2015#7 Surviving content shock

Last week I gave a talk about ‘overcoming content shock’ for Techmap’s regular meet up in London.

It’s something I think about all the time.

How do we stop feeling overwhelmed by demand, stakeholders, data, learning and frustration?

Knowledge plays a huge role in managing the feeling of being overwhelmed because it helps us:

  • Prioritise demand
  • Push back on stakeholders
  • See the story behind the data; customers/users/people instead of numbers/statistics
  • Collaborate more which means we learn a little about a lot
  • Feel empathy with disciplines for smoother projects

Here are the key things I talked about…

1. Shock of the new

I noticed a huge change in content, communications and community around 1995 when I started talking to people in online forums. It was around 2000, when I was a director at a PR agency, when it began to change client work.

We were moving from traditional content distribution (press releases by post) to online content and real-time feedback. The audience’s reactions informed content in a way that we’d never seen before. We’d gone from broadcast to engage.

At the time I was a consultant news editor for the Department of Work and Pensions and the European Social Fund (ESF). They needed to communicate policy changes, share success stories and increase project outcomes (more people in employment) for ESF-funded projects. Broadcasting wasn’t working and they wanted to get two-way feedback going.

We launched an enewsletter and website which had a listening ear symbol at the end of each story with an email address to encourage project managers to email in their questions, stories and feedback. This was answered personally and swiftly by the ESF team.

It sounds laughable now, but it was the beginning of what we now call ‘engagement’, the ask, listen and change cycle.

2. Client need > user need

The Government Digital Service (GDS) is ripping up traditional models of production for its digital services and they believe striving for perfect is futile.

Revolution is painful and messy. Clients are struggling to move from the safe zone of ‘published perfection’ to the risky unknown. It’s our job to educate and convince them to make the leap.

In the last few months, I’ve found this diagram can help when clients want to reuse material or create assumption-based content. It puts user need at the centre of content creation and helps push back client or stakeholder needs.

3. Knowing me, knowing you

Since 2000, the biggest change we’ve seen is around data. It was expensive to get close to the user 15 years ago. It involved specialist agencies, telephone surveys and mega reports, which clients simply didn’t want to pay for very often, if at all.

I remember creating copy without having to analyse data sets. Now we can get data for free or cheaply and it’s our starting point for content strategy. We want to understand who we’re trying to target, their motivations and how they connect to us.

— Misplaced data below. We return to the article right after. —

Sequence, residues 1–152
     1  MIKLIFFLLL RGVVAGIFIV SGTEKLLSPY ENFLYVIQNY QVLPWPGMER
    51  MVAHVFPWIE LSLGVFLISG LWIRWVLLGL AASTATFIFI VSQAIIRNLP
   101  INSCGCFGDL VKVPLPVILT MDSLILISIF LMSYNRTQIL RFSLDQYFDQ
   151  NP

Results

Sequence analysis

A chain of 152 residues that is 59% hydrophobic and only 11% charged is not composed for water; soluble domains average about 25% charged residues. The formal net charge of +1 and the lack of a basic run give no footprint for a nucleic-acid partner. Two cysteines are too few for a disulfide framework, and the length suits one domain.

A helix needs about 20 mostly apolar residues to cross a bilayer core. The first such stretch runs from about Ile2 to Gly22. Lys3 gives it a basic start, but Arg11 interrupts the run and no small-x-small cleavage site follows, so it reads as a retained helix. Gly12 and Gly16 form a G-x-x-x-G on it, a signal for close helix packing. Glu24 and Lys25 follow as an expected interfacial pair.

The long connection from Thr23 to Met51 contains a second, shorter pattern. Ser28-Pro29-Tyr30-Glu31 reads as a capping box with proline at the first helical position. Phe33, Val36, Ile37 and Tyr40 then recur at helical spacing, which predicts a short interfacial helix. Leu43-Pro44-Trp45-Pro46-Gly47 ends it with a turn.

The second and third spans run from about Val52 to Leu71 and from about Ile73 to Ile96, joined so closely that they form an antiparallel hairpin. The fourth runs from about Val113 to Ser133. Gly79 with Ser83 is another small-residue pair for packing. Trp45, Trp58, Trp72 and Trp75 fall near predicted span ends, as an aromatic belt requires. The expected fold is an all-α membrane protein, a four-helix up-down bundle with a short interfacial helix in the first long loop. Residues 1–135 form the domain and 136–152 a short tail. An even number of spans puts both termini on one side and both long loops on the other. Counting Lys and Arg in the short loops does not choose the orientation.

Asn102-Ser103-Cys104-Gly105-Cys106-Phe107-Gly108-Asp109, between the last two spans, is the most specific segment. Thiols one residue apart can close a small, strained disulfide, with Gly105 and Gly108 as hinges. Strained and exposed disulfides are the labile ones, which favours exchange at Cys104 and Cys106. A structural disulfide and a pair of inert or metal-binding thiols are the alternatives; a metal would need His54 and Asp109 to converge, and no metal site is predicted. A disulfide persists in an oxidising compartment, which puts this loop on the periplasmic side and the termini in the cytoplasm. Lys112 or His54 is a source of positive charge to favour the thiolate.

The downside is we’re drowning in data and we can forget that the numbers and statistics are real people. Personas help us build a story for each user group and they are vital for matching content to the audience segment.

4. Sowing the seed

Content distribution is also shifting and social media is the new postal service. Yet social media constantly changes the rules and we’re trying to keep up. Organic reach is dead, platforms are flooded with content and it’s harder than ever to get noticed. We need budget to really make the most of these platforms, but clients have yet to ramp up their digital spend adequately.

There’s also a rigid focus on reaching the perfect core audience via social and a fear of wasting spend on non-core. We need to help clients feel confident in casting their social net wide, so they make the most of people’s broad, personal networks.

Critical mass is making money for entrepreneurs. Social Chain has set up comedy and parody accounts and attracted large followings — around 209 million. They can now get hashtags trending on Twitter just through sheer follower volume and are working with major brands.

5. Sharing personas

The change in content distribution means it’s important to think through why someone would share something.

Sharing involves complex motivation triggers.The image above shows research by the New York Times into the personas of sharing. It shows that the desire to share goes way beyond offers of a prize or money. Increasingly people want to be directly involved with brands.

One Direction, Taylor Swift and Justin Bieber have amassed enormous communities by rewarding fan content marketing. Today’s official fan forums or apps swap engagement for coins or similar, this earned community status can be exchanged for exclusives. This strategy creates an army of authentic content producers who respond to official content in real-time. It’s powerful when you see it in action and worth far more than any advertising.

6. Collaboration

Working in a multi disciplinary team with a broad range of skills helps you identify bad ideas more quickly than if you work in silo. You need people to challenge your ideas, question your thought processes, improve on your creativity and help you understand when you’re heading down a dead end.

Working closely with other disciplines — design, digital strategy, analysts, UX, project managers — grows knowledge. Instead of hiding that I am a generalist, I’ve come to understand that there is a huge advantage in being one and having knowledge about a wide range of disciplines. It makes you empathetic, useful and collaborative on projects.

In fact growing knowledge is the key. Being a lifelong learner, remaining curious, ditching the bad and sharing what you know are the only ways to survive content shock.


Originally published at 100and40.tumblr.com on May 4, 2015.